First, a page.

Church Street in Tulbagh

Church Street in Tulbagh
Church Street is really, as far as we could tell, the prettiest place in the town of Tulbagh. The rest of the town is a little run down, but Church Street has plenty of quaint Cape Dutch houses, beautiful gardens, and several restaurants and coffee shops along its length.

On our first night in Tulbagh we tried a small Belgian restaurant, the name of which I can't quite recall now - but no-matter, it's easy to find. :) The restaurant is operated by what appears to be a retired gentleman and his charming wife (whom I believe is the chef), and is about the closest thing to fine-dining that I believe you'll find in a rural town like Tulbagh. It's certainly worth a visit, so if you overnight in the town, do give them a try.

A flat Amstel Lager

A flat Amstel Lager
Although I'm not keen on it, loads of my friends drink Amstel Lager - its generally a pretty well-known beer in South Africa.

When Kerry-Anne and I last visited Paris together we stayed in a little hotel that had a huge Amstel sign outside it's doors. I found it amazing how something familiar, even a sign of a beer that you're not even partial to, helps make one feel a little more settled.

I just hope that some day someone will invent cans with a 1 month half-life. Not because it would encourage us to drink them faster, but rather that we wouldn't end up with cans like this one.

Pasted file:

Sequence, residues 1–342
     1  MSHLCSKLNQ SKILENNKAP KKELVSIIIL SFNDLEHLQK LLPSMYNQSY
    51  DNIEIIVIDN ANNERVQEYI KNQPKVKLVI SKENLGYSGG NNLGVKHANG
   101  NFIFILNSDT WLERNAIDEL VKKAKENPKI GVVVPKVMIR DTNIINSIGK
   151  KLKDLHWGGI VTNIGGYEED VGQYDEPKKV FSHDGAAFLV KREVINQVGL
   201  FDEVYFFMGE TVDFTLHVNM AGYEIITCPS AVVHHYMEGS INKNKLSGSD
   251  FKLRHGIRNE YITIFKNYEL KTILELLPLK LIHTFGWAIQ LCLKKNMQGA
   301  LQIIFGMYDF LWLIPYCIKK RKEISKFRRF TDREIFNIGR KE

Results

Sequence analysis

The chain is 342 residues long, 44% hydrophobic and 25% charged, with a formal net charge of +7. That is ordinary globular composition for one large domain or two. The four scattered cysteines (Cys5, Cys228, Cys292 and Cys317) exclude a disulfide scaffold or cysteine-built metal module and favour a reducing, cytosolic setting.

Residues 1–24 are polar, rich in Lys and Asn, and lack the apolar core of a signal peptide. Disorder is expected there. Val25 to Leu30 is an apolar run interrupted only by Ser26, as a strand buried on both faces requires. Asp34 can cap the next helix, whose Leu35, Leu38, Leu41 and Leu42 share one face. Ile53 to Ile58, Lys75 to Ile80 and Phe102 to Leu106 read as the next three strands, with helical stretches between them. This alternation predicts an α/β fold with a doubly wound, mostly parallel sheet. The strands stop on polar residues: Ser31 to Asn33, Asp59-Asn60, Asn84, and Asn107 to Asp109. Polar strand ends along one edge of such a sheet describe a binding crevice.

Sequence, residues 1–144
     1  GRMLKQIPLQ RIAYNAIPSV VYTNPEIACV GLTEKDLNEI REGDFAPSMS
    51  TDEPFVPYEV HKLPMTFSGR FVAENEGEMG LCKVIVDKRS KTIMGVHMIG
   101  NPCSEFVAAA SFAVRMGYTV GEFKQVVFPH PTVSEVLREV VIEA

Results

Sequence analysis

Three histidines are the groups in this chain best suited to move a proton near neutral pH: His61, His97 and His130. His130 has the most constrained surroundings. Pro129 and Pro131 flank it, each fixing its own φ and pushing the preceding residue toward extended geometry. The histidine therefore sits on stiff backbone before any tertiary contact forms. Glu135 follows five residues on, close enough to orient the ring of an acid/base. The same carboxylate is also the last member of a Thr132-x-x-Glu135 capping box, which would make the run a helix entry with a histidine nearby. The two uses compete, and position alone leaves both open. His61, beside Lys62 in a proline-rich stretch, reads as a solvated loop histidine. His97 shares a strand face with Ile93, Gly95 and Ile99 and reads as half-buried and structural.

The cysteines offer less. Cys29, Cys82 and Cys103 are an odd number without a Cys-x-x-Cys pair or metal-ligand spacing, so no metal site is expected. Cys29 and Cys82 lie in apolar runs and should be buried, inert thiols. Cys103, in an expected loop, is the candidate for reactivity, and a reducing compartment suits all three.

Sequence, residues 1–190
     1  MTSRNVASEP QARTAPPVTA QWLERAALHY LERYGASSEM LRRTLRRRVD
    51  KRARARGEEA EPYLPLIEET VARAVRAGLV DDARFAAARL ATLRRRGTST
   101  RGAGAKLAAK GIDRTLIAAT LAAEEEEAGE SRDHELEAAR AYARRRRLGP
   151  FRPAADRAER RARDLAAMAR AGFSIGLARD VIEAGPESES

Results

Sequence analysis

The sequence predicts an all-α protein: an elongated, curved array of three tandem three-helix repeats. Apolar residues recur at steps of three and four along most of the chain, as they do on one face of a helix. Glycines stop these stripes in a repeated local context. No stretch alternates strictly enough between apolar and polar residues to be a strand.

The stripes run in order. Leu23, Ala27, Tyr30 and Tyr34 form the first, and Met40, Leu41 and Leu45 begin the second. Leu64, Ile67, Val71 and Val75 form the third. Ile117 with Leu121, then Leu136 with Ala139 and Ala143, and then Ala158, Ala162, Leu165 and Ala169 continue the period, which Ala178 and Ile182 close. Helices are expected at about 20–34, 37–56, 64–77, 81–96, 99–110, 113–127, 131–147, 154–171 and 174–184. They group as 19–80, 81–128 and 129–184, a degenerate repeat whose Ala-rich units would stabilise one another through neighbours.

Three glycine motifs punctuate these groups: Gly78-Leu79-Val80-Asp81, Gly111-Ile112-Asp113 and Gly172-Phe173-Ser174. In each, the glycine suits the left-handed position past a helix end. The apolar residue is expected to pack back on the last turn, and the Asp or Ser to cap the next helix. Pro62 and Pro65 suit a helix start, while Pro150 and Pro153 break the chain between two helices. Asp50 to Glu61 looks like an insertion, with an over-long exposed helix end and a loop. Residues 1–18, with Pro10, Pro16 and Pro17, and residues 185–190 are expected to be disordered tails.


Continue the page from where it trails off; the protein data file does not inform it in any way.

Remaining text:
Glass not diamonds

Glass not diamonds
I checked, but alas, they weren't diamonds. They're probably the remnant of a fender-bender or a break-in. Imagine if the glass wasn't laminated - sharp shards of plate-glass would have lain where these relatively-harmless pieces now lie.

Windhoek Lager

Windhoek Lager
I don't drink a huge amount of beer, but when I do, it's normally Windhoek Light. The bottle in this photo is its big brother Windhoek Lager, both children of Namibia Breweries and named after Namibia's capital city, Windhoek (translated literally as "wind corner").

Oh, and by the way, nope, that wasn't my bottle! :)

Parked cars and narrow roads

Parked cars and narrow roads
Green Point is a fairly old part of the city, so its roads tend to be wide enough - most of the time. I've noticed though that areas developed in the last 10 or 15 years are sometimes so narrow that it's actually not possible to park a car in the road with enough space for another to pass by.

Fortunately Kerry-Anne and I live in a suburb that was built when 1000 square metre plots and super-wide roads were the norm. I'd hate to live in modern security estates with their narrow roads and uniform housing.

Sidewalks, pavements, and roads

Sidewalks, pavements, and roads
Even though both South Africans and Americans claim to speak English we would argue that Americans speak American, an English dialect. :)

In South Africa we'd call the place where pedestrians walk a pavement whereas Americans would call it a sidewalk. What makes it even more confusing when South Africans and Americans converse is that Americans use the word pavement to mean road! So, my American friends, when a South African traffic officer asks you to walk on the pavement - really, he's not meaning in the road. Promise. ;)

Broken glass

Broken glass
Either someone locked their keys in their car and was forced to break a window to get inside, or the glass on this curbstone is the result of a break-in.

Some people in South Africa have opted to have a special plastic film, that prevents entire windows being easily smashed, fitted to their car's windows. Although this is mostly used as a deterrent for smash-n-grab type theft it may also make it more difficult for the smash-while-you're-away type of criminal.

I can't say that I've ever had my car broken in to in Cape Town. Have you?